The Future of Pensions re: Aberdeen Asset Management

11 Nov

The Pensions Intelligence Report is a government-appointed investigation into what the Minister of State for Pensions staunchly refuses to call the ‘Pensions Crisis.’ Aberdeen Asset Management presided over a summit on the major issues, at London’s Corinthian Hotel just off Whitehall. Suggested changes included auto-escalation, better gender equalisation, and more emphasis on workplace savings schemes that put employers and employees on a more equal footing.

Thanks to the introduction of auto-enrolment, by Christmas around 600,000 more people will have joined a scheme. For those who have opted out, or those for whom it does not apply, employer-subsidised ISA schemes based in the workplace can offer a viable alternative. Stephen Lefley, corporate distribution director at Zurich, suggested there should be a wider range of options which employees could directly invest their pot in, as at Microsoft which also offers a financial education programme to ensure workers made the right investment choices

Another suggestion was that executives could offer to have their benefits match the renumeration percentage of their employees, or perhaps just have a greater degree of equality in the way blue-collar workers are treated. The recent case of a company which offered cash incentives, or bribes, to employees to drop out of defined-benefit schemes is a case in point.

Steve Webb, Minister of State for Pensions, said there were a number of difficulties for trustees in the current economic climate. Number one was volatility, which has a very detrimental effect on compound returns. Other major problems are income, decumulation, volatility and employer risk. Smaller companies are still not fully trusted to invest contributions in a secure and profitable fashion.

“Pensioners are living longer and the birth rate is below the replacement rate.” He stated his concern about the consequences of this fact. The number of working people who will have to pay for pensioners’ benefits is projected to increase from four in 2010 to two by 2050. “You could argue this is the Mother of all Ponzi schemes,” he joked.

This makes it all the more necessary for employees to participate in private corporate schemes, and as soon as they can afford it. Steady payments from an early start prevent last-minute panic when workers reach middle age. Webb stressed, “We need to get across the message that it is socially acceptable to save.. It is socially irresponsible not to do it.”

Webb understood the legimitate concerns of those confused by the range of options available, or reluctant to add their accumulated benefits to a new company’s scheme if it was inferior: “I don’t want anyone auto-enrolled into a bad scheme.” Although he does not believe it is a problem for large companies, even the existing regulation is problematic. For example, it is currently illegal to offer a guarantee against inflation. A government commission on the effectiveness of the default state-run scheme NEST is in sitting, to try to identify, and remove, these bureaucratic constraints.

Lesley Alexander, who spoke for HSBC Bank Pension Trust (UK) Limited, avowed: “If the reforms go through that I know Steve Webb is championing, then I know we will get a decent flat rate state pension. Then once you have got a foundation, it is easier to build on top of it. But where you have got means-tested benefits and complications, whether their savings will ultimately be worth anything is questionable.”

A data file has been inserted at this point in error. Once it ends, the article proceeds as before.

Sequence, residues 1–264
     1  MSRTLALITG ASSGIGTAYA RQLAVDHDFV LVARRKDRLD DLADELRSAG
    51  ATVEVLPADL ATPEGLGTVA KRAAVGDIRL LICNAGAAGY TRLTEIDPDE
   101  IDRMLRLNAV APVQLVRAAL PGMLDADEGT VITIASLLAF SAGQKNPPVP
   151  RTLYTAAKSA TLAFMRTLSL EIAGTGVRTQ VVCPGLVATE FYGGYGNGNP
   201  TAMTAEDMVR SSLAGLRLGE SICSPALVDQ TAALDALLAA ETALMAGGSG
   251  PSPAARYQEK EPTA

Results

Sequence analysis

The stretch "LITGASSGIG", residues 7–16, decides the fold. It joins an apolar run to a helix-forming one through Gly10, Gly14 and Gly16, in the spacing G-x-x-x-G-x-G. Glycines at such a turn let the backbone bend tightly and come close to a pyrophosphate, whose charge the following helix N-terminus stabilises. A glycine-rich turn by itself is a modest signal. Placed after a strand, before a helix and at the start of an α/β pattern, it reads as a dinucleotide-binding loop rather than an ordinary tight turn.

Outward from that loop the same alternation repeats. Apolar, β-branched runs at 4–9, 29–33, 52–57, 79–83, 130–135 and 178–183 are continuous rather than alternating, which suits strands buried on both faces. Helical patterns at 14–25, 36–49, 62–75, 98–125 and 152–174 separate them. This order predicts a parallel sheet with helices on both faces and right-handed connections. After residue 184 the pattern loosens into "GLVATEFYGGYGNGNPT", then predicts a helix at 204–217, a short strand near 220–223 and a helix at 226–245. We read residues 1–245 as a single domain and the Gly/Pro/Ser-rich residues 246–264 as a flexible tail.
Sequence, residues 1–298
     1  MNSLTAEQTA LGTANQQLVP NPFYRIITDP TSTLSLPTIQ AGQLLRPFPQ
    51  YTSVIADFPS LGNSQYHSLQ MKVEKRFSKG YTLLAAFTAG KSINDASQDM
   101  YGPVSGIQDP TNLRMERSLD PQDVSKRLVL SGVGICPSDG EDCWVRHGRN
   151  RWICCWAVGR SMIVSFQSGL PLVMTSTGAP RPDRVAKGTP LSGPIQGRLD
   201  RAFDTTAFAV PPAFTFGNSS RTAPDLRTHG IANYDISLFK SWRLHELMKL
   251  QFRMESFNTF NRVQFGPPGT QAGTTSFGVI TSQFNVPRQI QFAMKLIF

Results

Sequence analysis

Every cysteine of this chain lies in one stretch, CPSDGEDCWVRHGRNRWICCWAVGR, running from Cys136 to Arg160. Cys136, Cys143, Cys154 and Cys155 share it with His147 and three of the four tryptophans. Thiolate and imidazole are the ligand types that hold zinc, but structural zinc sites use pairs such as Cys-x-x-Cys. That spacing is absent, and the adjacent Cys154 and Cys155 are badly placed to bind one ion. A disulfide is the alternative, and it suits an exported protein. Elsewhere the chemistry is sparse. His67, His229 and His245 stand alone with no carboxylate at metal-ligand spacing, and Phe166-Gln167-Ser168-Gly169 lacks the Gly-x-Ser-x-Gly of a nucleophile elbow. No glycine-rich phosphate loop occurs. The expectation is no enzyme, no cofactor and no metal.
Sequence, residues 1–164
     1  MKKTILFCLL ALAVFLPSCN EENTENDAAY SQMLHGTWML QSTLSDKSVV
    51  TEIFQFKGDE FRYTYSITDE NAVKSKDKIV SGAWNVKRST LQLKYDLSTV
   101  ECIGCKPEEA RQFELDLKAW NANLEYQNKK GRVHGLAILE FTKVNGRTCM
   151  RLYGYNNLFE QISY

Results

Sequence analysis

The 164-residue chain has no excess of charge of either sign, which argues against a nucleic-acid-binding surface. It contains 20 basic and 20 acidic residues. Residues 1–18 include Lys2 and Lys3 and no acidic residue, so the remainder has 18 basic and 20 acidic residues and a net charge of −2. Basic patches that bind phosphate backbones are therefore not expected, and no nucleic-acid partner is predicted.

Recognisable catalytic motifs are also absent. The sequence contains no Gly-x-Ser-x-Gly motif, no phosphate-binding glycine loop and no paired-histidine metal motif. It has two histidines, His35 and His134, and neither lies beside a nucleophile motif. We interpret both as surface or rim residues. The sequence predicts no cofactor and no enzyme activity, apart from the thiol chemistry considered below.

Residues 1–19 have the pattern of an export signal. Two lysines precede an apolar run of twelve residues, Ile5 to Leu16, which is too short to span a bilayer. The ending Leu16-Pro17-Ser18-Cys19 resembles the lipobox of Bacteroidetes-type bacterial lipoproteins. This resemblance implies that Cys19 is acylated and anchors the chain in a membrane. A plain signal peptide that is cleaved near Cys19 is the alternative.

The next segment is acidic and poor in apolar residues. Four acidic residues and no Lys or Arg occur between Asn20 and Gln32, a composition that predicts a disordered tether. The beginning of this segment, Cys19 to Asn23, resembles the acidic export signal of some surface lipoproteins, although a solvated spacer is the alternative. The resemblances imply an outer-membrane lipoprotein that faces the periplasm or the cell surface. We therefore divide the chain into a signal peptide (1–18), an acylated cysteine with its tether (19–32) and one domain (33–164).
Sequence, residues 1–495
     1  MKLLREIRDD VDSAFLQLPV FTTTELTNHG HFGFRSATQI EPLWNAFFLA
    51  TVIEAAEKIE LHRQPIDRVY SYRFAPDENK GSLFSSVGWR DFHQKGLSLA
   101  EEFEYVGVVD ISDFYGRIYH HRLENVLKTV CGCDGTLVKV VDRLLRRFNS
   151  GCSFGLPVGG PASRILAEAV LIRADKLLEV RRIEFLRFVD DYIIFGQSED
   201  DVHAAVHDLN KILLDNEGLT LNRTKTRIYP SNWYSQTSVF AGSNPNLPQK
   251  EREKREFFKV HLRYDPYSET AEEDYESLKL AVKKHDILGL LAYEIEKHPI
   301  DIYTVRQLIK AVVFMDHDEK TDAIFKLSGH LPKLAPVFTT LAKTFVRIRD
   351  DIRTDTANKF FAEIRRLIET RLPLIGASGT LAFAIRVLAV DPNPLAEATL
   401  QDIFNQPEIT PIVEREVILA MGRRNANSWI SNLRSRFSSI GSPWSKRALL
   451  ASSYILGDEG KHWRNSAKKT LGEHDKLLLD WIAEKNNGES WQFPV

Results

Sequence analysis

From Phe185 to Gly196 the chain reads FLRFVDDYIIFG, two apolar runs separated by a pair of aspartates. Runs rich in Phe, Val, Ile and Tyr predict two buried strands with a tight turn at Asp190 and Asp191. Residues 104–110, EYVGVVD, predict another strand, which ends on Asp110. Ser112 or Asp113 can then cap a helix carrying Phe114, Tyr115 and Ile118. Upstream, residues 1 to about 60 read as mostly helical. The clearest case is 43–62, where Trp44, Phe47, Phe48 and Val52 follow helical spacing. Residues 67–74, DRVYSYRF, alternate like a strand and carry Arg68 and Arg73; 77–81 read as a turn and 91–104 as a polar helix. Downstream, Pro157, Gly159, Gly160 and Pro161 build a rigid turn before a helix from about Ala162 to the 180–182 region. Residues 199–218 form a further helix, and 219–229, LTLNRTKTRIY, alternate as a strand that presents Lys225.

Although most attendees believed that having the benefits threshold for pensions linked to the recipient’s income tax band provided a solid base of payments, many also wanted to explore the idea of auto-escalation. In America, this policy whereby pension contributions are increased automatically with a pay rise, is widespread. Another change the Pensions Minister is pioneering is for equalisation between genders, to be determined at the time of payment, with the end total being whichever of the two calculations is higher.

It is important not to discount changes to pensions policy because they are overly complicated, provided a concerted education campaign is made towards employees. One of the reasons often cited by workers for not enrolling is their fear of making the wrong decision. ‘Defined ambition’ is a potential solution, whereby employers and employees share the risk of performance in defined contribution schemes. Of those surveyed, largely employers, 54 percent believed such an approach could successfully encourage incremental savings for retirement.

‘Master trusts’ like the aforementioned state-run NEST have the advantage of a larger pool of capital to play with. Large professional schemes are also likely to have more inbuilt guards against risk, and to use techniques like hedging with derivatives and gold, and even to use passive as well as active investment approaches: if an asset is performing satisfactorily, wise investors feel it is better not to drop it in response to a volatility-induced blip in investor confidence. In order to out-perform standard indexes in the current economic climate, pensions need dynamic-run schemes, where assets’ performance are constantly re-assessed in line with market changes. People need to trust in their trustees, or find a scheme which a manager which does perform.Image

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